Mini rope bridges built to help tiny dormice in UK

Forest rangers in the United Kingdom are helping bridge the gap for hazel dormice in the Forest of Dean. 

Tiny 20-meter-long rope bridges were built to help hazel dormice travel safely between woodlands after a section of trees that became infected with Chalara ash dieback had to be cleared, leaving a giant opening. 

Chalara ash dieback is a fungus, also known as Hymenoscyphus fraxineus, and it blocks a tree’s water support system, causing leaf loss and lesions in the wood, according to Forestry England. 


FILE - 20-meter rope bridges installed to help dormice.

The fungus causes the crown of the tree to die back, and it will become more brittle over time. If it is left untreated, the tree could potentially collapse. 

The area of trees that were cleared was part of a larger woodland area where dormice were living, and the animals were in need of a safe way to cross the now treeless swath. 


FILE - A hazel dormouse.  (Forestry England)

"Dormice do not like to come to ground except for hibernation. They feel vulnerable to predators when on the ground and while these bridges do not replace the trees that had to be felled, they will enable dormice to feel safer as they cross from one part of the wood to another," said area ecologist at Forestry England, Kate Wollen.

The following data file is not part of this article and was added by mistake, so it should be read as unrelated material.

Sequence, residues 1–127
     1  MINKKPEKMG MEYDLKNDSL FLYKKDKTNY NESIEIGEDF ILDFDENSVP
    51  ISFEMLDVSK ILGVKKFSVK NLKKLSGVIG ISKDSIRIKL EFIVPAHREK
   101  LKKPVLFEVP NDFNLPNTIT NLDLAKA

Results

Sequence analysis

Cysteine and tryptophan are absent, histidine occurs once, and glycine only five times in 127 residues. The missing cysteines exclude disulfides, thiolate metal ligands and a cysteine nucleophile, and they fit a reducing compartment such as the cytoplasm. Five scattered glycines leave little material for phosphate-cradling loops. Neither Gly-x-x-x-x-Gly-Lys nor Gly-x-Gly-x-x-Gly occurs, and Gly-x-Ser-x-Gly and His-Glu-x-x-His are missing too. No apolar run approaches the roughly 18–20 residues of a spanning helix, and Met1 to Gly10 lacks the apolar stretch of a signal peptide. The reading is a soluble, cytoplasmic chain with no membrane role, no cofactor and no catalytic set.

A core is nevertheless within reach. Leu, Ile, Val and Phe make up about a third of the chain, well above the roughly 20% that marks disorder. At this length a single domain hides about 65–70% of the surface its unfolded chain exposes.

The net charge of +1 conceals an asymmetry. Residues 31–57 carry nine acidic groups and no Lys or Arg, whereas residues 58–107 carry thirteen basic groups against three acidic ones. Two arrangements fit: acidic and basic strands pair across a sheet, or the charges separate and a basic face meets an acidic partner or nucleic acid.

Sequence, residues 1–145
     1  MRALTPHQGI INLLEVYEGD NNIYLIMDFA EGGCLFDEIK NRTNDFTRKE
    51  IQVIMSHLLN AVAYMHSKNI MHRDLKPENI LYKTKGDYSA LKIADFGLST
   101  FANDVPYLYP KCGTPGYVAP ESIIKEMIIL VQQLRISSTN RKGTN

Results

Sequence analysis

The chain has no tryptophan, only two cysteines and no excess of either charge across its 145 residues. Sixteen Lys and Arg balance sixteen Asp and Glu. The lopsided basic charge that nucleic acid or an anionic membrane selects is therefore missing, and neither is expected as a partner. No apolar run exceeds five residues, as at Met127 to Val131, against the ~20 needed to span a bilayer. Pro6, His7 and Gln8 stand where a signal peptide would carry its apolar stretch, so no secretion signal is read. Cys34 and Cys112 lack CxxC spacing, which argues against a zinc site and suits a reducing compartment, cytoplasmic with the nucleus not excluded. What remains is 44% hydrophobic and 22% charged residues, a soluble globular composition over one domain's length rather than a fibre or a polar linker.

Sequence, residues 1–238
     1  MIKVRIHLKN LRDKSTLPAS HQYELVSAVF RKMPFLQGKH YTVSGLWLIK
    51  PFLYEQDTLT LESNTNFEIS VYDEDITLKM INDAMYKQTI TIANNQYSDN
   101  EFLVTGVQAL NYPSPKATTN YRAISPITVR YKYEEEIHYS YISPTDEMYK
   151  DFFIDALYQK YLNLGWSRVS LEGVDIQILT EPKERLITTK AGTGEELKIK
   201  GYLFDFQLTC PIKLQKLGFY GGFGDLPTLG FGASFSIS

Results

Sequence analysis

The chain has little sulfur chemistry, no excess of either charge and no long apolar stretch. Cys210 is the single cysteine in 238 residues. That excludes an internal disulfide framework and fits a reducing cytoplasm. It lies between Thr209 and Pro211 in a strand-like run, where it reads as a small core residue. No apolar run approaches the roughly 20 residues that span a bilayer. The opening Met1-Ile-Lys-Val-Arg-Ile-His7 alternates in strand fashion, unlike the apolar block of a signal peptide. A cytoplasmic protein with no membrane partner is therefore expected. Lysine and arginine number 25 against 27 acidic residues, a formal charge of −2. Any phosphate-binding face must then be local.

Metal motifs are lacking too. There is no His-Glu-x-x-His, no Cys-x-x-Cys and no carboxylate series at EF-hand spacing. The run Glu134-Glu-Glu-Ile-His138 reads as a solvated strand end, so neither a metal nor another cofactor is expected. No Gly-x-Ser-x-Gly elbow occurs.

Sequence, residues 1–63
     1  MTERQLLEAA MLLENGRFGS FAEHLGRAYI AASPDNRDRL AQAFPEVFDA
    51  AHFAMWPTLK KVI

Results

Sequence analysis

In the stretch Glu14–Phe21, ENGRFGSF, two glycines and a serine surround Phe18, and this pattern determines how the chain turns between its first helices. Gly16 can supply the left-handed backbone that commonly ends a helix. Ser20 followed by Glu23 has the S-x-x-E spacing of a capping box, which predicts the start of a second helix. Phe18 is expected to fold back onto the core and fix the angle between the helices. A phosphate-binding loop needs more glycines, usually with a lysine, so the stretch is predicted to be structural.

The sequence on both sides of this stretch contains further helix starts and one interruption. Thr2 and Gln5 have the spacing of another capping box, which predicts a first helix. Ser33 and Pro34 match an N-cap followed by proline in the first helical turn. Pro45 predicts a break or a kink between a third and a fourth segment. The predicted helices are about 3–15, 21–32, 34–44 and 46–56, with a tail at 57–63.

The mini-rope bridges are suspended about 16 feet over a forest road and are supported between trees. 


FILE - Kate Wollen, ecologist for Forestry England.  (Forestry England)

The bridges took less than two days to install and over the summer, cameras will be fitted to monitor the dormice using them. 

"We could not have accomplished this project without the help of our volunteers. Together we have worked very hard in this woodland, improving habitat for the wildlife and flora. We also have a volunteer who has been surveying for dormice here for over 20 years! We hope the bridges will complement this work and that dormice will do well. We’ve never tried this before and it is exciting to see what will happen," said community ranger Leoni Dawson. 

This story was reported from Los Angeles.